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The Ritual – Review

The Ritual, adapted by Joe Barton from Adam Nevill’s 2011 bestseller, is now a feature film directed by David Bruckner (who aficionados may remember contributed ‘Amateur Night’ to the anthology horror film V/H/S).

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The story concerns a group of old college friends, Luke (Rafe Spall), Hutch (Rob James-Collier) Phil (Arsher Ali), Dom (Sam Troughton) and Robert (Paul Reid) who are planning their annual holiday together. Luke and Robert enter a late-night convenience store when a brutal robbery occurs, leaving Robert dying in a pool of blood on the floor, while Luke cringingly watches from a hiding place.

Although out of their usual comfort zone, the rest of the group decide, as a tribute to their dead friend Robert, to take up his suggestion of a hiking weekend in the hills of Sweden. The trip has a glum, penitential atmosphere, where everyone is on edge, coping with their grief over the loss of good-guy Robert, while trying to avoid thinking about Luke’s part in his death.

Despite their best intentions to pay tribute to their friend’s wishes, some of these guys are in poor shape to undertake a demanding cross-country hike and inevitably an accident occurs, in this case a twisted knee, and they are required to find a more direct route to the next town.

This would entail a detour through a thick and ancient forest. Now, if there’s one thing that horror movies have taught us, it’s that no good will come of cutting through the dark, spooky woods – it’s a horror trope, dammit!

So, of course, these lads head off-trail and stumble across some pretty gruesome indications that perhaps their so-called short-cut might not have been the best option. Things only get worse when they are forced to seek night-time refuge from the elements in an abandoned cabin, festooned with runic signs and tokens. Inevitably, sinister things begin to happen. The cabin contains some kind of shrine which causes hallucinations, night-terrors and lucid dreams.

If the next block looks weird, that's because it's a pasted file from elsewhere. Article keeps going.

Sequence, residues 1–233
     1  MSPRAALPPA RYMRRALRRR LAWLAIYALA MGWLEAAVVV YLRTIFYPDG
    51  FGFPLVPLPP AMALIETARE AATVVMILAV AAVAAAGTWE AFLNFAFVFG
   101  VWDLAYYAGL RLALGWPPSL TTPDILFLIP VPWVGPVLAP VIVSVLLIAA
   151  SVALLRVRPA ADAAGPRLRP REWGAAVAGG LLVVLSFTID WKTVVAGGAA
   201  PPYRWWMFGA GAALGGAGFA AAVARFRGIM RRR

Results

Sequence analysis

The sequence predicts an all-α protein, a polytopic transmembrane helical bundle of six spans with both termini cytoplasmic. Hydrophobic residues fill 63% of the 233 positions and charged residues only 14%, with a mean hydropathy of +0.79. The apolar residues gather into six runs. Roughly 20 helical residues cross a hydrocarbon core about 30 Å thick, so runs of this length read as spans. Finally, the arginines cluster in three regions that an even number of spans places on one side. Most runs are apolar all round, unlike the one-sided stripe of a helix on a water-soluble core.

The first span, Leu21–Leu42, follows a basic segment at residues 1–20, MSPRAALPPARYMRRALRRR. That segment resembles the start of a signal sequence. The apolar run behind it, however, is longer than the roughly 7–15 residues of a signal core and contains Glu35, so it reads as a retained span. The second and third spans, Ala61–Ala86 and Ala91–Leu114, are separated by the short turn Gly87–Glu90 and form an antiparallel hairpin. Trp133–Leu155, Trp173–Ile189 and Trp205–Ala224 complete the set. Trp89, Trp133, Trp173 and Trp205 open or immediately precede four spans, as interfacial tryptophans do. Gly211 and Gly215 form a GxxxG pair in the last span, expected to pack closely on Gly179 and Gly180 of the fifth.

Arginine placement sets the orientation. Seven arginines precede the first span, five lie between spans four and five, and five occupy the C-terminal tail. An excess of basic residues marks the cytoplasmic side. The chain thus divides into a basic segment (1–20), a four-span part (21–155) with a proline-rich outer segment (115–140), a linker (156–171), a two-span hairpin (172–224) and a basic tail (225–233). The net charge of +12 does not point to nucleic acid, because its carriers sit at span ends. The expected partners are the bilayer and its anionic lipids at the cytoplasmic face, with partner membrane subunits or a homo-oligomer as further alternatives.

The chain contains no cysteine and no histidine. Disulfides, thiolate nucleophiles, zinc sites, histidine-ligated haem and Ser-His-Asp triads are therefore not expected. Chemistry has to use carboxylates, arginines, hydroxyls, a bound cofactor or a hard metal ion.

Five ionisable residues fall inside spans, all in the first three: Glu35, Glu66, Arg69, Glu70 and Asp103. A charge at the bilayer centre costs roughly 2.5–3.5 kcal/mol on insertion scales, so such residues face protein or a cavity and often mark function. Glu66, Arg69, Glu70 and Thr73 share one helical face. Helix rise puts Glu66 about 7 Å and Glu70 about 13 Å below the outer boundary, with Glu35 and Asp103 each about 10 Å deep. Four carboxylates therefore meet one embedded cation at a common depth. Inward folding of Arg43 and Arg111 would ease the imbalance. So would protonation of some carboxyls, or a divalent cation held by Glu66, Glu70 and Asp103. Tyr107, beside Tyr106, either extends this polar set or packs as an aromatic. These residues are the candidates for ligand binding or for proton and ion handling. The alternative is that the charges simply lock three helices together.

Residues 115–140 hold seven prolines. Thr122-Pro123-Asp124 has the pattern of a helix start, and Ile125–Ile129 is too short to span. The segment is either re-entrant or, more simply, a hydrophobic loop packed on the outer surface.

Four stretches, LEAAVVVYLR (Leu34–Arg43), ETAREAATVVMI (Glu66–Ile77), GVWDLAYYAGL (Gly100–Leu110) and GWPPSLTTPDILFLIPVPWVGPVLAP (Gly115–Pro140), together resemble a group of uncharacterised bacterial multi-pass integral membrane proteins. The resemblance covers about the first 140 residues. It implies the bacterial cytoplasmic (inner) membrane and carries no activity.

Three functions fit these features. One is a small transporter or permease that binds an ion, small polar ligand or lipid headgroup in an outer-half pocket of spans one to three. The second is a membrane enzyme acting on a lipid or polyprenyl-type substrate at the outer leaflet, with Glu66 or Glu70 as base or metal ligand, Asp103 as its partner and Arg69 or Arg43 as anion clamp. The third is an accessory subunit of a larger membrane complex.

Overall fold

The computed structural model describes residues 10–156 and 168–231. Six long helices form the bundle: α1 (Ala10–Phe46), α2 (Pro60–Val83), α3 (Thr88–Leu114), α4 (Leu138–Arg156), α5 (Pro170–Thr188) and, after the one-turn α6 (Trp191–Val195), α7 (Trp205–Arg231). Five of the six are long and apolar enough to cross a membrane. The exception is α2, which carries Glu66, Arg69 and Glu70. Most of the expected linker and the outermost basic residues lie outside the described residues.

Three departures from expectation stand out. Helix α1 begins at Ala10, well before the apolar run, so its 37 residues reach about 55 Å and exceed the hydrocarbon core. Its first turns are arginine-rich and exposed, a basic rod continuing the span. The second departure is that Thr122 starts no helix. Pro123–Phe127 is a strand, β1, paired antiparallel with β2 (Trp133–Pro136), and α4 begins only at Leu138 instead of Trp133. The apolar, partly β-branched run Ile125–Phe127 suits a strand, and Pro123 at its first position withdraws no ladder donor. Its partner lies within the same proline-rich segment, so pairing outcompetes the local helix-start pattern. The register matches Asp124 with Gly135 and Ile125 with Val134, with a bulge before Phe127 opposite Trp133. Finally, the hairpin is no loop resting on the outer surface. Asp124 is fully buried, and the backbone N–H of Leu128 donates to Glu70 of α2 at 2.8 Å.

The men awake from their vivid nightmares in unexplained, disturbing positions, and Luke in particular, finds he has been marked with an odd wound, after experiencing surreal hallucinations relating to the violence he witnessed in the convenience-store. Night-terrors occur whenever the guys go to sleep, and they are hounded (and worse) by an unseen supernatural menace.

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There are obvious hints of The Blair Witch Project and Deliverance. There are jump scares aplenty, uncanny images, strange noises and movements in the trees, throw in a cult who worship an ancient Nordic ‘god’ with brutal rituals, and we have a perfectly fine horror-genre romp.

From the brutal opening robbery to the final nightmarish chase scenes, The Ritual offers some effective scenes and set pieces, with excellent cinematography from Andrew Shulkind, who creates a feeling of grim woodland claustrophobia. The gore is impactful without being nauseating. Ben Lovett’s score serves to increase the tension. The only problem may be that director Brucker throws so much into the pot, that his homage to horror tropes never quite develops its own identity.

The Ritual was certainly chilling at times, but the further we delve into the basic story the more disconnected one becomes. What might be seen to save the film is a deeper layer dealing with the themes of guilt, grief, redemption, friendship, and the crisis of masculinity.

The Ritual implies that the primitive woods may be releasing repressed psychological manifestations of guilt and regret, but also might offer a mysterious form of atonement (Nevill’s book highlighted this aspect). In this sense Rafe Spall delivers a strong performance, conveying interior grief and trauma, the psychological horror of his nightmarish flashbacks, and in the violent denouement, grasping at a tenuous opportunity for redemption.


The Ritual is out on DVD & Blu-Ray now. 

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